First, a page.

“The fact that her asylum application was accepted shows just how dangerous it is for masked men of the coast guard or the police to judge who has the right to asylum and who doesn’t,” her lawyer said.

“We cannot leave the fate of something as important as the right to asylum to be determined in the middle of the sea or on the shores.”

At the same time, others are going through a new low in the way they are treated while applying for asylum. HIASGreece reported that a group of approximately 20 asylum seekers who arrived on Lesvos on Wednesday were placed in quarantine for just one day and then hastily taken to the Asylum Service to register their asylum application, where they were questioned not about their case and reasons for leaving their home country, but about Turkey as a safe country. Reportedly, they were not given any possibility to access information and legal advice or prepare for their interview.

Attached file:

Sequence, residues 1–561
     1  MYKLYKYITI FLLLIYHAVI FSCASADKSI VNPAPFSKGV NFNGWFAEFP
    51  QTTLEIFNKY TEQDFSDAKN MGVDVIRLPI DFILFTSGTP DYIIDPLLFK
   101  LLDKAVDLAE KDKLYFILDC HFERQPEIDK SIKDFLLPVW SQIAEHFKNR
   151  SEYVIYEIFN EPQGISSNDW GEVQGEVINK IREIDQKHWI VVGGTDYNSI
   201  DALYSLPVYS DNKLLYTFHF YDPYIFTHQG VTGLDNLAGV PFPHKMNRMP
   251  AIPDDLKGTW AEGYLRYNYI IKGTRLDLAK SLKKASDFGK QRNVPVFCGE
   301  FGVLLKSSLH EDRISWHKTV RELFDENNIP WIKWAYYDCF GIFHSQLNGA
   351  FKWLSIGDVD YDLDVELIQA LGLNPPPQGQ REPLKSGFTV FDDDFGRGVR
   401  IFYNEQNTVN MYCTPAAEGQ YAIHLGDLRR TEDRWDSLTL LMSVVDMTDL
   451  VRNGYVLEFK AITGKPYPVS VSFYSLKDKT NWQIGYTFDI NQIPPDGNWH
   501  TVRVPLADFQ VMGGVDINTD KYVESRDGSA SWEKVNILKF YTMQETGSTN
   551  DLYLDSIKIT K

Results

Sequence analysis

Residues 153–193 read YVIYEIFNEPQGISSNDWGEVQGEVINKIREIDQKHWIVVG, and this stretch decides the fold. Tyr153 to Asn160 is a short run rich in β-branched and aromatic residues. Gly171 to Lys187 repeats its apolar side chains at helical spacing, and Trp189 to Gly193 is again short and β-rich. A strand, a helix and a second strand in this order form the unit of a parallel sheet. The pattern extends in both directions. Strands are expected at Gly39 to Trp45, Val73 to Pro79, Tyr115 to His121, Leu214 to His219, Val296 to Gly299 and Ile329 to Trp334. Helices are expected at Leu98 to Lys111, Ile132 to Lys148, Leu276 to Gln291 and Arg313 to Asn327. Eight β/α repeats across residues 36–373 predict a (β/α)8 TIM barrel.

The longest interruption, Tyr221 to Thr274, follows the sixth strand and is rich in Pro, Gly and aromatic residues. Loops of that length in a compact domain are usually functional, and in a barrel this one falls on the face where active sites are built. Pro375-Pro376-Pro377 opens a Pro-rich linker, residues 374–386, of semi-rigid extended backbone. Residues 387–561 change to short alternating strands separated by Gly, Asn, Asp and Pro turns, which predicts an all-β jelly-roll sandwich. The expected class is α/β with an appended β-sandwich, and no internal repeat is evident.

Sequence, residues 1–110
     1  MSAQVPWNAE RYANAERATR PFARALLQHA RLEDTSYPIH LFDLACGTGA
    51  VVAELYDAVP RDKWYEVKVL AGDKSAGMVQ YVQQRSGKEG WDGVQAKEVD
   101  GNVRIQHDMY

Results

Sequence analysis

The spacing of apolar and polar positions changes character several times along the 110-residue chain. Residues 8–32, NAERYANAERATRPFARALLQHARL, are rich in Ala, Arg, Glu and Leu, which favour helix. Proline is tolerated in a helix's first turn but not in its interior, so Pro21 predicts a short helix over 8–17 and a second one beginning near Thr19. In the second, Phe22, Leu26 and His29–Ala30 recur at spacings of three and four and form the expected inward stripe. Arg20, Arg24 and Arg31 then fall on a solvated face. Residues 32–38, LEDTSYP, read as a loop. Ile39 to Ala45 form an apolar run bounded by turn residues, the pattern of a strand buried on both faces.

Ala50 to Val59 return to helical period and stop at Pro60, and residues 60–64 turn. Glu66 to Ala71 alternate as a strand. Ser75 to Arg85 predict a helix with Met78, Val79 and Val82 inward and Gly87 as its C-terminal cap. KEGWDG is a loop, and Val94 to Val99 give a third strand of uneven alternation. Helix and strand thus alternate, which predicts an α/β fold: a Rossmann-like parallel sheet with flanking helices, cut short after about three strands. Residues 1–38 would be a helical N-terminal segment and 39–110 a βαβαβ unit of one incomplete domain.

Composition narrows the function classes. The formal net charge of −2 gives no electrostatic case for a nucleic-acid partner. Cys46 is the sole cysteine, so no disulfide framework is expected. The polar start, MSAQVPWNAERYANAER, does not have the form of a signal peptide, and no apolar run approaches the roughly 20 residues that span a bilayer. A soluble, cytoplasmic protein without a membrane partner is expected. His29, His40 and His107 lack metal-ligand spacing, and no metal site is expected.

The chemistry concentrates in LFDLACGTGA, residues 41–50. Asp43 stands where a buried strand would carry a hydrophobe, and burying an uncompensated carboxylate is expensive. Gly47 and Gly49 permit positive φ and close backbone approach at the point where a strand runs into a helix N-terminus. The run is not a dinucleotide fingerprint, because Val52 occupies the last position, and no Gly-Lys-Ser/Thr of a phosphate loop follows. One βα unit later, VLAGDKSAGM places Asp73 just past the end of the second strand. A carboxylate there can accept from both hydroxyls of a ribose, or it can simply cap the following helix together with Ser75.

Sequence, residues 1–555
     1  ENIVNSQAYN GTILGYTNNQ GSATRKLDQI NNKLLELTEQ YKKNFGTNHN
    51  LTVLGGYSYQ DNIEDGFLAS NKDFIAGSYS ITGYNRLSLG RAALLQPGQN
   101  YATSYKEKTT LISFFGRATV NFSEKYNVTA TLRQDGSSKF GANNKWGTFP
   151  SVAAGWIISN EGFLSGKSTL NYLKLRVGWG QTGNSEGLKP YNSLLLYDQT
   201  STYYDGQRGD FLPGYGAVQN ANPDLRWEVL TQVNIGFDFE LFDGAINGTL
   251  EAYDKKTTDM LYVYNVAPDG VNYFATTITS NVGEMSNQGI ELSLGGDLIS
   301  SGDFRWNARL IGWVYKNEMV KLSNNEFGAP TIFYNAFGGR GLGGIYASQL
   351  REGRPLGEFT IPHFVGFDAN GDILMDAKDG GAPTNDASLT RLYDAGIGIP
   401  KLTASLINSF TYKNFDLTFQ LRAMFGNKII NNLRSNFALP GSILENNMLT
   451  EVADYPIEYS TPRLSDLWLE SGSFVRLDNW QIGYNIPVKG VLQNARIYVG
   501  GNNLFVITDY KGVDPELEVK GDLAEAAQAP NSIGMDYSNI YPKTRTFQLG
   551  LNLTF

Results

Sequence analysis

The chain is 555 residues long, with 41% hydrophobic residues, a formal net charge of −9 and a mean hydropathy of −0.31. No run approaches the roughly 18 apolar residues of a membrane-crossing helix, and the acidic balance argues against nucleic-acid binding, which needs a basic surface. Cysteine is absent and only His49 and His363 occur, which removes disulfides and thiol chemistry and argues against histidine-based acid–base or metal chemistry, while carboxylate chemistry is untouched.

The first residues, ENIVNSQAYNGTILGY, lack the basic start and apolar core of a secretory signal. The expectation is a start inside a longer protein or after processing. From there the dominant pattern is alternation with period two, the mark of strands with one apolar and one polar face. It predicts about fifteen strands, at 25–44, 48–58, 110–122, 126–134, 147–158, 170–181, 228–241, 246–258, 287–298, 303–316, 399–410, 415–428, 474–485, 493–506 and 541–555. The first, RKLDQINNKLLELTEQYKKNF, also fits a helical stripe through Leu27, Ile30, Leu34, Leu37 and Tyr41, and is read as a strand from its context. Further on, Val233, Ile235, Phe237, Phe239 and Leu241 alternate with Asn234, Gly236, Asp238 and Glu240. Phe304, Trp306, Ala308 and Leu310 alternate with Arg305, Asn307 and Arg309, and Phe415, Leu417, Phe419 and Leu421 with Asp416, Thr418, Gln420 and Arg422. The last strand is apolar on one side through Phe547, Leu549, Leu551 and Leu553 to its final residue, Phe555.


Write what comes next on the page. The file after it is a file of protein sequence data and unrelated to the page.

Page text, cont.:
The EU-Turkey Deal says: Syrian Asylum Seekers are always to be returned to Turkey because there it would be safe for them. But Turkey is not taking anyone back for 15 months now. People remain in legal limbo — can neither go forth nor back. This leads to human suffering and is violating Greek and European law. — see more in the Legal Policy Brief with HIAS Greece

On this note, make sure you read the proposed text about the degradation of the Refugee Convention in our “worth reading” section.

Because the crime of deportation of refugees in the Aegean and Evros can not continue.
Because it is not possible to remain silent in the face of the violation of every notion of law and humanity.
Week of actions in cities and islands